Those who like to indulge their hobby of historic architecture or industrial archaeology may forensically crawl over the application and find some negatives but I cannot envisage those arguments outweighing the scale of support this scheme enjoys.

Nevertheless, I will submit comments in favour of the scheme and would encourage others to do so. The decision-makers must be left in no doubt where public opinion lies on this one.

Tony Abrahams
5 Posted 26/02/2020 at 08:03:35
Just as long as that iceberg isn't ring-fenced. In the last 25 years we have been in two cup finals, finished in the top 4 once, ran the ground we are leaving well into the ground, and the great Evertonians are waiting for their club to return to its former glories.

So maybe it would be better if Moshiri just fucked off!

Laurie Hartley
6 Posted 26/02/2020 at 08:51:05
A good read as usual, Paul. Could you clarify one point regarding the 10,710 seats you mentioned in your comments on safe standing.

Does this mean that the 10,710 seats earmarked would become (1.5 x 10,710) 16,065 standing spots or an extra 5,355 spots for spectators. That would bring the capacity up to 58,243?

The comment by Colin Chong about a possible future increase in capacity has me believing that a safe standing option has indeed been built into the design – as Brian Williams suggested @ 231 on the “Planning Application” thread.

I mentioned on that thread that the planning height restrictions mean that, once you have decided on the row height and the depth of the roof structure, the number of rows of seats is fixed.

The only way you can get round that, is by reducing the row height and / or row width which adversely affects both spectator comfort and lines of site. A compromise that I feel sure Dan Meis would never have agreed to.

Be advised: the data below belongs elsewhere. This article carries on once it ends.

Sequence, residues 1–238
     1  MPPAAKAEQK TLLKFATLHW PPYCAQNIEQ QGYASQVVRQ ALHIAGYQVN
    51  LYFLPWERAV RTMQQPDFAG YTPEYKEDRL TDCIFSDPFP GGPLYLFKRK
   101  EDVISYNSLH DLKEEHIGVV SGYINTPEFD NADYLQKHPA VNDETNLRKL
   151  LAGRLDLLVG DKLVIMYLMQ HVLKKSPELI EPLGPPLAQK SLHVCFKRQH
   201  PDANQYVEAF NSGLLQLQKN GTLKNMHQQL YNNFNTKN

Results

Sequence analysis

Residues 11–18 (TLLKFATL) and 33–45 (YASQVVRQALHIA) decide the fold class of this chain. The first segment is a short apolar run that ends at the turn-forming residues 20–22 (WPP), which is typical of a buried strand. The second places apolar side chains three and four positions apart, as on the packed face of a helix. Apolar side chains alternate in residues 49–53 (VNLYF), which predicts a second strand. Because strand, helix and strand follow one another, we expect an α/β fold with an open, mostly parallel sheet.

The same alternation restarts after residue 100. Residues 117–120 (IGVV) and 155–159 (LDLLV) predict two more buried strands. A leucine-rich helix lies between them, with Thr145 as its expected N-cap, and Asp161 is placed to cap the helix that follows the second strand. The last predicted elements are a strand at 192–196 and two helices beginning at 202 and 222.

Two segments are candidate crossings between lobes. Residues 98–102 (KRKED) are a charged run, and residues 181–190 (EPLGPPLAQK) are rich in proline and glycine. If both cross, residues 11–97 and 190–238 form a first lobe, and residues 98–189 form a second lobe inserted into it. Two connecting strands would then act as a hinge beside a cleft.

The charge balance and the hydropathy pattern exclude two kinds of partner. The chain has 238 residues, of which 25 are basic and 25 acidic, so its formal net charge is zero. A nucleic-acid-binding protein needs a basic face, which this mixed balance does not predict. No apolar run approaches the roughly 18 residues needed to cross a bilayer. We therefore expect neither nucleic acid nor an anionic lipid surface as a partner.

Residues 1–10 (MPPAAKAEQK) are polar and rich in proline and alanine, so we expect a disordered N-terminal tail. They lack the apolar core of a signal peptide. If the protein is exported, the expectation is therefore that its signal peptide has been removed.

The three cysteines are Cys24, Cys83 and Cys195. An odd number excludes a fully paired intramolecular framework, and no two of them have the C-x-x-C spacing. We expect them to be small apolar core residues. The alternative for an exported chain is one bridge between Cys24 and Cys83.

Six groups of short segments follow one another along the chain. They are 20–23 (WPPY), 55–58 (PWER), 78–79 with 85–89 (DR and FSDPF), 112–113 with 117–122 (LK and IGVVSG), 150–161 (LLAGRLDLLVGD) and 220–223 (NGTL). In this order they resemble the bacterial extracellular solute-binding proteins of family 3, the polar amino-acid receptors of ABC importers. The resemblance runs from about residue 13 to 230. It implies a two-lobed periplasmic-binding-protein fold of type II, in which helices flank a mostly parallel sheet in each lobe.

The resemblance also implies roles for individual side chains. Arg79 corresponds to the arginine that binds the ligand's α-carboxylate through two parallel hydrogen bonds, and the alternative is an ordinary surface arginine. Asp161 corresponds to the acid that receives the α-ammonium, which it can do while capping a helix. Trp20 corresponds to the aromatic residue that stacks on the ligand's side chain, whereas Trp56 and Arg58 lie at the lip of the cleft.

My view is that given the site dimensions and the North to South orientation, Dan Meis has nailed it.

It also looks like the Club has put a lot of effort and thought into the heritage aspect of the application. I think it was very clever of the club to refer to the footballing heritage of the City and EFC.

I do share your concerns about the transport plan. It does look a bit half baked to me but I think that is a discussion for a seperate thread.

Derek Knox
7 Posted 26/02/2020 at 09:13:07
Thanks, Paul, for another well researched and informative article. Personally, I can find no argument in the Heritage Stament; let's face it, as it stands, it is an eyesore. If the Heritage people value it so much, why have they done very little over the years to preserve it?

I can see nothing but positives about the whole scheme and the regeneration, extra jobs and encouragement for others to develop in that area. My only reservation is the capacity, which I appreciate is restricted and obviously dependent on extra finance.

My reasons are by comparisons in the table provided, where you have reported the average attendances before either expansion of existing structures, or occupation of new stadiums, there has been a significant uptake in numbers.

If we are to become a great club once again, surely that would attract more fans and younger ones too. Hope all goes to plan and the next stage is preparation of the site.

Tommy Gourlay
8 Posted 26/02/2020 at 09:50:12
Thank you so much for this, Paul.

I hoped they would use the suggestion of transport via a ferry, which could drop fans at various car parks spread along the waterfront – hopefully making it one of the best stadiums for lack of traffic congestion. That's a shame, it was in the plans for Kings Dock.

I'm glad though they didn't suggest circa 1,000 fans would cycle to the stadium as they did in the plans for Kirby though!